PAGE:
NerdKits - electronics education for a digital generation

You are not logged in. [log in]

NEW: Learning electronics? Ask your questions on the new Electronics Questions & Answers site hosted by CircuitLab.

Project Help and Ideas » Strain Gauge Project

February 25, 2010
by SkateboardTeam
SkateboardTeam's Avatar

Hey,

I've been spending some time lately working with the weight sensor project. Instead of sending the measurements to a computer to display, I want the microcontroller to convert the weight into pounds and display it on the LCD. Does anyone know if this is possible or how I might do it?

February 25, 2010
by bretm
bretm's Avatar

It looks like the python script on the PC side of things turns the ADC reading into pounds with this formula (converted to C):

float pounds = (average - 132.201) / 1.5465;

It uses the average of 40 readings, where the readings are the difference between the + and - polarity ADC results (from the C code on the microcontroller).

To display on the LCD, just replace the line that sets up the UART stream with an equivalent line of code that sets up the LCD stream, from one of the LCD-based projects, and you can printf_P to the LCD instead of the serial port.

February 25, 2010
by bretm
bretm's Avatar

By the way, I'm assuming the values 132.201 and 1.5465 are specific to the scale they actually bought for their demo project. To get it right for a given scale would require calibration. The 132.201 number would need to be replaced by the reading you get when there's no weight, and the 1.5465 would be the increase in the average reading when you apply 1 pound (or one tenth of the increase after applying 10 pounds, etc.)

February 25, 2010
by mrobbins
(NerdKits Staff)

mrobbins's Avatar

Hi there,

bretm is exactly right -- and in fact we have it re-zero evey time it's started. But we keep the slope constant, which was just measured by putting a known mass (me!) on the scale.

Mike

March 09, 2010
by SkateboardTeam
SkateboardTeam's Avatar

Hey guys,

I got the LCD displaying the weights now, thanks a lot! I have another question though.

I plan to write the program so that if a weight is over 125 pounds, it will activate a pneumatic switch. The switch runs on 24vdc, however, it is very small and Im sure it doesnt draw too much power. I have been playing around with the mosfets and learning how they work, and I was wondering if the mosfets included in the NerdKit are enough to control this pneumatic switch?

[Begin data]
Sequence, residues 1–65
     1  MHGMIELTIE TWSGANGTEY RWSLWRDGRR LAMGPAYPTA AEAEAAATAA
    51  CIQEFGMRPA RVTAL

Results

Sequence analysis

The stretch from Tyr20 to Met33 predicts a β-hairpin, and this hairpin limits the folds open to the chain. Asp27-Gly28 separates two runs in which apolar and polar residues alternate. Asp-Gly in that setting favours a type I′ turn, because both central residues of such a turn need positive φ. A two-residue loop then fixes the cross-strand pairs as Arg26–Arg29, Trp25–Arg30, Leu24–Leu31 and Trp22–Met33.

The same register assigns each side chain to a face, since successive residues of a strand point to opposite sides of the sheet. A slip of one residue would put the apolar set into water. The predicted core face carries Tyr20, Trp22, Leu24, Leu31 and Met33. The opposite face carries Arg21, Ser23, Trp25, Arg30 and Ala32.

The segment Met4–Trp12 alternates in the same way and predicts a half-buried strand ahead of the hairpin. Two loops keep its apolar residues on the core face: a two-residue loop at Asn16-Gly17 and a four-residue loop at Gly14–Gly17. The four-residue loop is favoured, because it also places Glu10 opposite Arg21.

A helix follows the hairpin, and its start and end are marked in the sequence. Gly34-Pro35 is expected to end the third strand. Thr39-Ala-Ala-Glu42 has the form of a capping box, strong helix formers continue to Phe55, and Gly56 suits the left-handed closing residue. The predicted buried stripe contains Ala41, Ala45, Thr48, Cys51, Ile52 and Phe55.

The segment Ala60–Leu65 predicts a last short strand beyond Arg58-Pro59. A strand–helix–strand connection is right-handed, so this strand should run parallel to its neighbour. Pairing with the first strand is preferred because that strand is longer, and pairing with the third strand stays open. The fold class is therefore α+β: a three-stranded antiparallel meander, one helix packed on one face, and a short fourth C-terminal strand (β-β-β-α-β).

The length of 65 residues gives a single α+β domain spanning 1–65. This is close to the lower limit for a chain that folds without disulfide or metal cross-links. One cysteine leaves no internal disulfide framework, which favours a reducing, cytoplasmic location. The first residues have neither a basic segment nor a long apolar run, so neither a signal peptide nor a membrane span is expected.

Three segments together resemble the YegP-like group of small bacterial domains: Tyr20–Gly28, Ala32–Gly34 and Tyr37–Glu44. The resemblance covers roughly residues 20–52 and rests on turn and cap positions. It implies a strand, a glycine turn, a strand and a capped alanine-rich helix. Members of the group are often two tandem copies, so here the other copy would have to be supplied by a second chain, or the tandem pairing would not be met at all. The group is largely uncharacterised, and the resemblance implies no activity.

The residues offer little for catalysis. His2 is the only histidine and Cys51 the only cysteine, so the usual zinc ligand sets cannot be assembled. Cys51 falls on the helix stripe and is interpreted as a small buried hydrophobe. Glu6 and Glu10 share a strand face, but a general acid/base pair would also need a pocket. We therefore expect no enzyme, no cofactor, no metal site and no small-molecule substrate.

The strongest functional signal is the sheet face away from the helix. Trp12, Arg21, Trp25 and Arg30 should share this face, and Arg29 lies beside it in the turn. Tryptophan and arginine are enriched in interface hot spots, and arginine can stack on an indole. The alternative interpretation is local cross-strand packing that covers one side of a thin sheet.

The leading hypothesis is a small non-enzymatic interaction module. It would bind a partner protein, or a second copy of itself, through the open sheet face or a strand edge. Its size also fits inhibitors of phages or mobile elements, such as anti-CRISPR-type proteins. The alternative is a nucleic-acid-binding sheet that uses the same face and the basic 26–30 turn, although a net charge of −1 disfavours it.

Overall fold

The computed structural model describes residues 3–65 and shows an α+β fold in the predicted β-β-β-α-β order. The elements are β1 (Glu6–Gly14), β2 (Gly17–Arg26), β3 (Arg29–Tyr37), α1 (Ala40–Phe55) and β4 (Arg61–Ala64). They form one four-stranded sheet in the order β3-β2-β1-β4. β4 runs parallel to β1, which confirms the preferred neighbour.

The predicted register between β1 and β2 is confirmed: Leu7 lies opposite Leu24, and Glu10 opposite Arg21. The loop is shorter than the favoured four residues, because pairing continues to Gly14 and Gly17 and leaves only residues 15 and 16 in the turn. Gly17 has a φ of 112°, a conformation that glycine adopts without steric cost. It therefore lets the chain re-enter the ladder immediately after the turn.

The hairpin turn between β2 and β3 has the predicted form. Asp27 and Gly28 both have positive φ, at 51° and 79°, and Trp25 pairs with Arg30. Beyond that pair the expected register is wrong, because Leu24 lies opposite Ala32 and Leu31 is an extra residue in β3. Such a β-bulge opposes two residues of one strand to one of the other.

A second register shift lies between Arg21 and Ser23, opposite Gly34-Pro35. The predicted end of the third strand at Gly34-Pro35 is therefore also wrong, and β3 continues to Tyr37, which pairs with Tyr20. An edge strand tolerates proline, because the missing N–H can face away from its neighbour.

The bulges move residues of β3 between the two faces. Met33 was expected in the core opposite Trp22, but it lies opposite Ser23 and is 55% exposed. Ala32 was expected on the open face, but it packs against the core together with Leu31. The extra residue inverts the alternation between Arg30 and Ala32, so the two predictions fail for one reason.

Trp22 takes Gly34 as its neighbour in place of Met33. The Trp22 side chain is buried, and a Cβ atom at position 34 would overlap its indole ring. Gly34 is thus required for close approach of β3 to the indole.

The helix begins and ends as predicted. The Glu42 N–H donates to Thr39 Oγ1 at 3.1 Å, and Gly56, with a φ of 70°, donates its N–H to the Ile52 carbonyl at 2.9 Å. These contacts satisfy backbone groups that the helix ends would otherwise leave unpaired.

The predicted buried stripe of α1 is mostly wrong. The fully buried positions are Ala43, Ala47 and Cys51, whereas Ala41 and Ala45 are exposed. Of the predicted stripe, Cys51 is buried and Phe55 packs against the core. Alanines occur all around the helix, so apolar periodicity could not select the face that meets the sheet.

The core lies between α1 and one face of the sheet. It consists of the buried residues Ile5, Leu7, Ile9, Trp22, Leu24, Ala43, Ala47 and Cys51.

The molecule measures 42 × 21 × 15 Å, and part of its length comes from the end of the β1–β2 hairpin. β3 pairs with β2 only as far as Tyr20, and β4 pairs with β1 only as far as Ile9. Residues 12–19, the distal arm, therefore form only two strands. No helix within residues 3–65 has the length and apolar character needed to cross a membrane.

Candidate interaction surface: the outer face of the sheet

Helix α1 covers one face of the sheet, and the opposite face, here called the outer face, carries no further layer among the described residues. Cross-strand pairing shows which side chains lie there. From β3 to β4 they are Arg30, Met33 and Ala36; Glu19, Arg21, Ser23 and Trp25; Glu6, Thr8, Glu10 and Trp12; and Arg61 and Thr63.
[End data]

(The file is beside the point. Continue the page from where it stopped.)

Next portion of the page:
Thanks!

March 09, 2010
by hevans
(NerdKits Staff)

hevans's Avatar

Hi SkateboardTeam,

If you take a look at the datasheet for the 2n7000 transistor (this is such a common part a quick google search will easily turn up the datasheet) you will see it has maximum Drain to source voltage of 60V so it will be able to handle 24V just fine. Do be careful when dealing with these higher voltages though. 24V isn't enough to really hurt you but it will do more than tickle, and it can easily damage the rest of your electric components.

Make sure you take a look at the motors and microcontrollers video tutorial it goes over how to use a mosfet to drive big loads and things you have to think about when doing so.

Humberto

March 09, 2010
by bretm
bretm's Avatar

The datasheet also says it maxes out at 200mA continuous current, so measure the current that the switch draws if you want to be sure.

March 10, 2010
by SkateboardTeam
SkateboardTeam's Avatar

Hey,

As usual, thanks for being so quick and clear with your responses :) I found a switch in the lab that runs of only 12V, so just to be safe I'm going to use that for now. I'm sure I'll be returning with a new question in a few days or so, but for now, thanks a lot!

Post a Reply

Please log in to post a reply.

Did you know that you can use printf and scanf functions to talk to your computer from your USB NerdKit? Learn more...